3.4. Ethernet Signals

Pin Signal Description type I/O
19 21 ETN_TXN ETN_TXP 100Base-TX or 10Base-T differential transmit output to magnetics. ETN O
20 #ETN_LINKLED Active low LINK ON indication: Active indicates that the link is on. 3V3 O
Module Remark
TX28, TX48, TX53, TX6 Output is driven active when the operating speed is 100Mbps. This LED will go inactive when the operating speed is 10Mbps or during line isolation.
22 ETN_3V3 +3.3V analogue power supply output to magnetics. This power supply can be turned off on the module to reduce the power consumption in the case Ethernet is not needed. power O
23 25 ETN_RXN ETN_RXP 100Base-TX or 10Base-T differential receive input from magnetics. ETN I
24 #ETN_ACTLED Active low ACTIVITY indication: Active indicates that there is Carrier sense (CRS) from the active PMD. 3V3 O
Module Remark
TX28, TX48, TX53, TX6 Output is driven active whenever the device detects a valid link, and blinks indicating activity.
../../_images/ethernet_signals.png

3.4.1. Ethernet Physical Layer Layout Guidelines

TX modules are designed for 10 or 100 Mbps Ethernet systems. They are based on IEEE 10BASE-T and 100BASE-TX standards. The IEEE 802.3-2005 standard for 100BASE-TX defines net­working over two pairs of Category 5 unshielded twisted pair cable or Type 1 shielded twisted pair cable. The following recommendations for the printed circuit board layout are not the only way to layout TX modules. Every board designer will have a preference. Complexity, board space, number and types of devices will dictate routing and placement strategies.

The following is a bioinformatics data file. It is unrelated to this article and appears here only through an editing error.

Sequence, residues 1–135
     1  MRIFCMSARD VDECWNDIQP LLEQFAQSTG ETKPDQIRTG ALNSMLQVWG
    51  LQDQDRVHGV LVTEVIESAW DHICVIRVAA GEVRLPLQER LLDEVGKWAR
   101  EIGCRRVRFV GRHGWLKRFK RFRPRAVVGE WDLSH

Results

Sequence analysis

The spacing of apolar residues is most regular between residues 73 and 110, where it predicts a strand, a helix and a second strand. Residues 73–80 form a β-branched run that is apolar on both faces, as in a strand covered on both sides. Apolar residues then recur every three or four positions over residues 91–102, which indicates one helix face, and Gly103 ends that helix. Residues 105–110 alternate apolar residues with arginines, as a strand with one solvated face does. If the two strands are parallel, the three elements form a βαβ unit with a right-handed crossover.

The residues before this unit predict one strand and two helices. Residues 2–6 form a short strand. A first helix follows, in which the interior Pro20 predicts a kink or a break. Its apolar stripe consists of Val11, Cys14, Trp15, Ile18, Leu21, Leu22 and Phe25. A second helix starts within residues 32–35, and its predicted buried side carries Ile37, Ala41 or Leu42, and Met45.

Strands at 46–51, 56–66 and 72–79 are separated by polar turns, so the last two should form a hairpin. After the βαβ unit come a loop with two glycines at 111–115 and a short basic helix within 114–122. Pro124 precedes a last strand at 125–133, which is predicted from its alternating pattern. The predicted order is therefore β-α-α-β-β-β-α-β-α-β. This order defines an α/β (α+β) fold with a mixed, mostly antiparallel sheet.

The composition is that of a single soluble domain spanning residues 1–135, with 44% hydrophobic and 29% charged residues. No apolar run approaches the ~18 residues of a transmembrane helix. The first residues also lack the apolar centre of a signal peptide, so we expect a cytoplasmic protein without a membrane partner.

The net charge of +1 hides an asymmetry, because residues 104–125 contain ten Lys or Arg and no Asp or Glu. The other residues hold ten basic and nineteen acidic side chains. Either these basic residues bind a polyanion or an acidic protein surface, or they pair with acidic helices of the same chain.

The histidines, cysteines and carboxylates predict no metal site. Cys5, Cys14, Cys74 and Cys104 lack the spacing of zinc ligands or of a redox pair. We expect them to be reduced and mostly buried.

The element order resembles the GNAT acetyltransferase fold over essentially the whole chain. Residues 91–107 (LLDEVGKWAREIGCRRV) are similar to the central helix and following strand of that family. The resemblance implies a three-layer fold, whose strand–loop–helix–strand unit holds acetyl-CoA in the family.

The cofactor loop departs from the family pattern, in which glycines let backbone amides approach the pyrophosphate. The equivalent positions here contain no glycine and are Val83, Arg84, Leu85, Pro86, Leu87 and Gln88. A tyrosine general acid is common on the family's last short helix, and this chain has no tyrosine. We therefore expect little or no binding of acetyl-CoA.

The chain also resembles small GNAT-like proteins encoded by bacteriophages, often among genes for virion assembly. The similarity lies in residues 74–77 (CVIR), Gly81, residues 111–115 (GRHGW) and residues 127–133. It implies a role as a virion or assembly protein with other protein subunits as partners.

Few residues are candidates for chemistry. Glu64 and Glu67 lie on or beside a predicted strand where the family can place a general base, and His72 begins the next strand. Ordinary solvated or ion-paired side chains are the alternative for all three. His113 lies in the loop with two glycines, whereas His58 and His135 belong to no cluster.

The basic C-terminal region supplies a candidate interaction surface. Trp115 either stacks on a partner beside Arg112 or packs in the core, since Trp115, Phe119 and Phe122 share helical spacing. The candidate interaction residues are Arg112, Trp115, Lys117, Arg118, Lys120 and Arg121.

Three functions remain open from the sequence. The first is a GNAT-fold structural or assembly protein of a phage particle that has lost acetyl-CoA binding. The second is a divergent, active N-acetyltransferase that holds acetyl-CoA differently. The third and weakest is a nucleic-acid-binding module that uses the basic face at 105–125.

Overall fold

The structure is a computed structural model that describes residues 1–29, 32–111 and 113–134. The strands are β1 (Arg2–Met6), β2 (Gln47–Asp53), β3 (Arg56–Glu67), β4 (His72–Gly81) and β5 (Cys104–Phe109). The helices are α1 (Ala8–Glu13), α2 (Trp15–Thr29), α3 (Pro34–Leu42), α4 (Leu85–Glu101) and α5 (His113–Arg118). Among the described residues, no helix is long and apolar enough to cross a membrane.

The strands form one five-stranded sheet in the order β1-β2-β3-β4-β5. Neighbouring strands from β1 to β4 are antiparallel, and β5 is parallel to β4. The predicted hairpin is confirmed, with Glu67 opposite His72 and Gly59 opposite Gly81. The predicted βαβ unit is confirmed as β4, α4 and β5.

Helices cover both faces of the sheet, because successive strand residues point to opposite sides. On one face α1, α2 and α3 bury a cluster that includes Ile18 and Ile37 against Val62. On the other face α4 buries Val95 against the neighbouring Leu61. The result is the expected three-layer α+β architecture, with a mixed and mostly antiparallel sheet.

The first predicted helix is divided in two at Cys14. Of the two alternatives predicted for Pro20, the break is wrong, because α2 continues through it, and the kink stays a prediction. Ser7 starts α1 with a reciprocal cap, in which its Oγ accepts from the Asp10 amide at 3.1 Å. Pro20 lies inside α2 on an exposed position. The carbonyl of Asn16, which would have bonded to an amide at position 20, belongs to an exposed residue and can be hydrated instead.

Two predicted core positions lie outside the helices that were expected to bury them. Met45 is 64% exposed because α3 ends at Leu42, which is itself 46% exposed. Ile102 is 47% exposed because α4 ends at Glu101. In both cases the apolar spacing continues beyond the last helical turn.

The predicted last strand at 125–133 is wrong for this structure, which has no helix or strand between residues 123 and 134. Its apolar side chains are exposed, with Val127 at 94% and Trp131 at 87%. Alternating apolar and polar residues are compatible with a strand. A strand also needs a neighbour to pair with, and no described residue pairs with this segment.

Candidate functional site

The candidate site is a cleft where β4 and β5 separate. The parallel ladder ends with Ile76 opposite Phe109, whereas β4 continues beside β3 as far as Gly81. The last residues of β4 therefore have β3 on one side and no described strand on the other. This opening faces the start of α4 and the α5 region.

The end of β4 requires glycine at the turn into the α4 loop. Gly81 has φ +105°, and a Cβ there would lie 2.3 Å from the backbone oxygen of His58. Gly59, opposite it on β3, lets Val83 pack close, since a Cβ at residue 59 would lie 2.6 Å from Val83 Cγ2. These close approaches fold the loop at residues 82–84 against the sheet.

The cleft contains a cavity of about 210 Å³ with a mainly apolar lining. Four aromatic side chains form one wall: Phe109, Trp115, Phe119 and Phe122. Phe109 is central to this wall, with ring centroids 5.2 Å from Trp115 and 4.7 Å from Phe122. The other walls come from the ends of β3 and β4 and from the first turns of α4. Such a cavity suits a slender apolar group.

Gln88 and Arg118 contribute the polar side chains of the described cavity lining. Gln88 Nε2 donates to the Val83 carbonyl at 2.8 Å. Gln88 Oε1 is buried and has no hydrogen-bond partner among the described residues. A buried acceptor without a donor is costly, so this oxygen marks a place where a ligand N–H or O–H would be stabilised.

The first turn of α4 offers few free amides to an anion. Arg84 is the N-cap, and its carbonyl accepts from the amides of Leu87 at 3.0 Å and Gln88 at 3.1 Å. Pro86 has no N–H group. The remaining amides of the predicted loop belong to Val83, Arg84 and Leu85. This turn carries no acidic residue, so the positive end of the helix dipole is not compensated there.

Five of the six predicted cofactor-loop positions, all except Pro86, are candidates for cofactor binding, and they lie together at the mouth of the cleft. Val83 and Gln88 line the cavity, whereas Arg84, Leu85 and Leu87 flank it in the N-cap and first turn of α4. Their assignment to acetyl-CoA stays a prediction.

3.4.2. Power and Ground Planes

The sections below describe typical 2 and 4 layer board stackups. The goal of the 4 layer designs is to keep the signal routing on outer layers, isolated by the power and ground planes. These power and ground planes also serve the purpose of reference planes for the signal traces. The signal traces should run over continuous reference planes when possible. When 2 layer board designs are required, it remains necessary that the signal traces run over continuous reference planes when possible.

3.4.3. 4 Layer Stackup

  • TOP (Layer 1) – Signal with ground plane except where noted.
  • Layer 2 – Continuous ground plane. No signals should be routed on this layer.
  • Layer 3 – Power planes with ground planes except where noted. Signals may be routed on this layer if needed.
  • Bottom (Layer 4) – Signal with ground plane except where noted.
  • Decouple ground floods and ground layer as practical. When signal traces are re-referenced to power island planes, decoupling capacitors (10nF ceramic) are required between the ground plane and power plane.
  • Signal traces routed on bottom layer over power islands that are on Layer 3 layer should have decoupling capacitors (10nF ceramic) near the trace to enable short (direct) return current paths.
  • When signal traces are re-referenced to power island planes, decoupling capacitors (10nF ceramic) are required between the ground plane and power plane as shown below.
../../_images/4_layer_stackup.png

3.4.4. 2 Layer Stackup

  • TOP (Layer 1) – Signal with ground plane except where noted.